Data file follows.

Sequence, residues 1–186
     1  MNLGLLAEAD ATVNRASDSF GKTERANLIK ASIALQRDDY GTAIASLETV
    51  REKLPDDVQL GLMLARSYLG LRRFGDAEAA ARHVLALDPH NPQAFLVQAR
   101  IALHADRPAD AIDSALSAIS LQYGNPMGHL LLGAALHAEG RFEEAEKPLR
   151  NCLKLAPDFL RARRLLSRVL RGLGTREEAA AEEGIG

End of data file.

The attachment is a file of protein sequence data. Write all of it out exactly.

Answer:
Sequence, residues 1–186
     1  MNLGLLAEAD ATVNRASDSF GKTERANLIK ASIALQRDDY GTAIASLETV
    51  REKLPDDVQL GLMLARSYLG LRRFGDAEAA ARHVLALDPH NPQAFLVQAR
   101  IALHADRPAD AIDSALSAIS LQYGNPMGHL LLGAALHAEG RFEEAEKPLR
   151  NCLKLAPDFL RARRLLSRVL RGLGTREEAA AEEGIG